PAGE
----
The Oje is a blend of 90 percent cannonau (better known in the U.S. as grenache), with that last 10 percent coming from carignano (carignane, one of the nicer OBG grapes) and Montepulciano (which is technically a place name, but for some reason is listed on the label as a grape name – go figure).

The color was dark. Really dark, almost black. There is a grapey sort of aroma but Mike also caught some black fruit, like blackberry. The tannins were up front, which can be a sign of a young wine that isn’t quite ready. The weight in the mouth is medium – not rich and heavy, but not watery and thin either. The taste at the end is black cherry without any kind of sweetness, and some acids at the back of the palate.

A wine this young may have seen time in a new barrel – hence the tannins. But the upside is that it can go for some time with proper storage. Grenache (or cannonau, in this case), by itself, is not normally a long aged wine. Still, thanks to that 10 percent of carignane/cargnano and whatever the Montepuluciano is, this one could do a few years in the bottle. That is, if you can find it or something like it.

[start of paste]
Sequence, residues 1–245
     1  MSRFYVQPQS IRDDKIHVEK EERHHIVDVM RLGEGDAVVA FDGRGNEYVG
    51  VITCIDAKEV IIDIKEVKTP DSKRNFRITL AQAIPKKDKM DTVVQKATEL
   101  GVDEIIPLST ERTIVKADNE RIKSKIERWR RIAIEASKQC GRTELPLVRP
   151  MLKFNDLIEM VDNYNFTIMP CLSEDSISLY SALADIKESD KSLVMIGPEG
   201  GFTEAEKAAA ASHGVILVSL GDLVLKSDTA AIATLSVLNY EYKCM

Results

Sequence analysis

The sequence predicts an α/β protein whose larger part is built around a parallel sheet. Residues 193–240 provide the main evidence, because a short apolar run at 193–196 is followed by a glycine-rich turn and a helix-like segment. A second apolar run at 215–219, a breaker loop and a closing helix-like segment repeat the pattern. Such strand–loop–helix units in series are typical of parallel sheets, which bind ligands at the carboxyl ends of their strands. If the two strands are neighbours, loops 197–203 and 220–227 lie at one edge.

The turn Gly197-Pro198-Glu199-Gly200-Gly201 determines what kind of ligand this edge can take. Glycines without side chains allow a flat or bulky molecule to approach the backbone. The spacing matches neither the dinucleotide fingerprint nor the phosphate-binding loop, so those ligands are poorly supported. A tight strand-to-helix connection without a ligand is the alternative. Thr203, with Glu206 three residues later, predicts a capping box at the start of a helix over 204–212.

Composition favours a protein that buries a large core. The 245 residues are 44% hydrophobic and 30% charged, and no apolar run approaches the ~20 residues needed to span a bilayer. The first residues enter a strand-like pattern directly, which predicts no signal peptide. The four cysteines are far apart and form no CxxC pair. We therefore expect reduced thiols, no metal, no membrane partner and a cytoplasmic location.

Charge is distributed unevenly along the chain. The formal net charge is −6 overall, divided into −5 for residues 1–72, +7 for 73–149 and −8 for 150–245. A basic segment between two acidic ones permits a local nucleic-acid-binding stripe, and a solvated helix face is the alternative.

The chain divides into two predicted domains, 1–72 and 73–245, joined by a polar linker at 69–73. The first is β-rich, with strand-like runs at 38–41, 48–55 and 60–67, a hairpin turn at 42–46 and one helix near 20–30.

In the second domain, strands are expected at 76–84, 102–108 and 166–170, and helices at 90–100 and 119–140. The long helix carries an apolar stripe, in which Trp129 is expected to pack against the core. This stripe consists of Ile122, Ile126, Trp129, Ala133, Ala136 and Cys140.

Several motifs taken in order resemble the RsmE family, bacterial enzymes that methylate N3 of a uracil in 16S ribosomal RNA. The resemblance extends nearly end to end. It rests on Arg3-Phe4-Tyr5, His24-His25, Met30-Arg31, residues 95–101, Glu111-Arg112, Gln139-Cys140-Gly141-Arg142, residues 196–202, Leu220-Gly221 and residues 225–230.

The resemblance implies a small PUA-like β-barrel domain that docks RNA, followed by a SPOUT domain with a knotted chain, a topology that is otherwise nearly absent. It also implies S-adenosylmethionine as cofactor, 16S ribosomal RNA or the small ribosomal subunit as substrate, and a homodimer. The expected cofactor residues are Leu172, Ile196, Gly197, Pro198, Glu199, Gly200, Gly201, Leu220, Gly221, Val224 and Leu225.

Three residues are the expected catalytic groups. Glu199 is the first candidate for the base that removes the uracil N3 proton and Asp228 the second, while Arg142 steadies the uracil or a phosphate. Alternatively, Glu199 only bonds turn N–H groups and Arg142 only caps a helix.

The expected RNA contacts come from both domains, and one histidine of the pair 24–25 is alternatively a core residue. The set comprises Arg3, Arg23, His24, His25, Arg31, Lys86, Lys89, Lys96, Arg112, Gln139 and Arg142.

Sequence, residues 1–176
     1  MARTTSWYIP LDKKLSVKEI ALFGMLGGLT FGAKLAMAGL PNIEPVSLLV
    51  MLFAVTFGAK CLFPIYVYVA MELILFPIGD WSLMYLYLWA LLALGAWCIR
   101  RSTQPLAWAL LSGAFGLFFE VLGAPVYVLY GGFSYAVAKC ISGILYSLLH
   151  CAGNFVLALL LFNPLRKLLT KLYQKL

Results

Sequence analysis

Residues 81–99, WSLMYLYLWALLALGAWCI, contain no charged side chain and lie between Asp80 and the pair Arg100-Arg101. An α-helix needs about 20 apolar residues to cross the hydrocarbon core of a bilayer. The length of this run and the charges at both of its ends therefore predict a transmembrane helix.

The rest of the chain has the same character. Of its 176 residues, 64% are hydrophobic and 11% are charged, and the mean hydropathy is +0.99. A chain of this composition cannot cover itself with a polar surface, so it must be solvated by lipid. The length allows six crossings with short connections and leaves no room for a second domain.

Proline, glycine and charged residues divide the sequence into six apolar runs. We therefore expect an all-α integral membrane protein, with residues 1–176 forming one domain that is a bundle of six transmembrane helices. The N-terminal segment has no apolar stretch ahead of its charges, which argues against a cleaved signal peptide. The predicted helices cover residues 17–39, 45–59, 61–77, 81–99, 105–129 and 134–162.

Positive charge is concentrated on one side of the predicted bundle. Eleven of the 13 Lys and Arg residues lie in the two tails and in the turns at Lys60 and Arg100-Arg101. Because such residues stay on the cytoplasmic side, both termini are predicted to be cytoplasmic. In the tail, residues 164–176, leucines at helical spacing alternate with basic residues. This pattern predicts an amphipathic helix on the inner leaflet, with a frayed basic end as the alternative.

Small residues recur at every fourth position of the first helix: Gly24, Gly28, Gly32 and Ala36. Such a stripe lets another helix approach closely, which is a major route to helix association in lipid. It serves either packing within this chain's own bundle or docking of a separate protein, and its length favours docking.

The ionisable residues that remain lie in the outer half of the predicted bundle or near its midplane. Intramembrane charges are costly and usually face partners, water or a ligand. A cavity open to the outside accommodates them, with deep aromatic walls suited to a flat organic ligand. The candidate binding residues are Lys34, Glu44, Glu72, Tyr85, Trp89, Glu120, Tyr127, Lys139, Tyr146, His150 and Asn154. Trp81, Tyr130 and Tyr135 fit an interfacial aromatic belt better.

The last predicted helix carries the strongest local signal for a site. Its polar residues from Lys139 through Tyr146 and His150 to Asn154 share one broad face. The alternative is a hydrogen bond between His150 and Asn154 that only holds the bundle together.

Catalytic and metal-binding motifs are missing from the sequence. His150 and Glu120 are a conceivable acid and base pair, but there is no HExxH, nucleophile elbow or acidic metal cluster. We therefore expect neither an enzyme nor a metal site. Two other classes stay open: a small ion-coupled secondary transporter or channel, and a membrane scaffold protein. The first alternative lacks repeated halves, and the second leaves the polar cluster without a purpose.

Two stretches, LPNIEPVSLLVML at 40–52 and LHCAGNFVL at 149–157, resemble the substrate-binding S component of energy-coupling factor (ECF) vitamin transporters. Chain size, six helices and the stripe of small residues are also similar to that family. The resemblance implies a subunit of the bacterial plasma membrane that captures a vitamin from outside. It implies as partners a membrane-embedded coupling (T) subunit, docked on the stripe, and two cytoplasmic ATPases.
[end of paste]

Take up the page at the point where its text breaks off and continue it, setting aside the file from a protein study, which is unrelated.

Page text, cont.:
Slainte, from Irish Family Vineyards

Type: Off-dry, uh… green?

Made From: Unknown blend of white wines

Plays Well With: Spicy, lively foods – almost anything but corned beef

Slainte (pronounced slan-chah) is Gaelic for cheers! If you really want to go Irish, you say Slainte Gael – cheers to Ireland.

We picked the Slainte wine up during our visit to Irish Family Vineyards, and for obvious reasons, held it until St. Patrick’s Day, this past Wednesday.

As you can see, the color is not typical – yes, it’s dyed, but that’s part of the fun. Which is the best way to describe this wine, anyway, because it does have a very light, almost soda-pop taste. Normally, it’s not a good thing in wine, but in this case, it’s very tasty.

The alcohol was only 13.5 percent, with a very light nose –  not perfumey or overpowering in any way. The mouthfeel was very rich and there was a hint of residual sugar and some of the Muscat flavors. So we’re guessing that Muscat was somewhere in the blend. Alas, the actual blend is not listed on the label nor the website.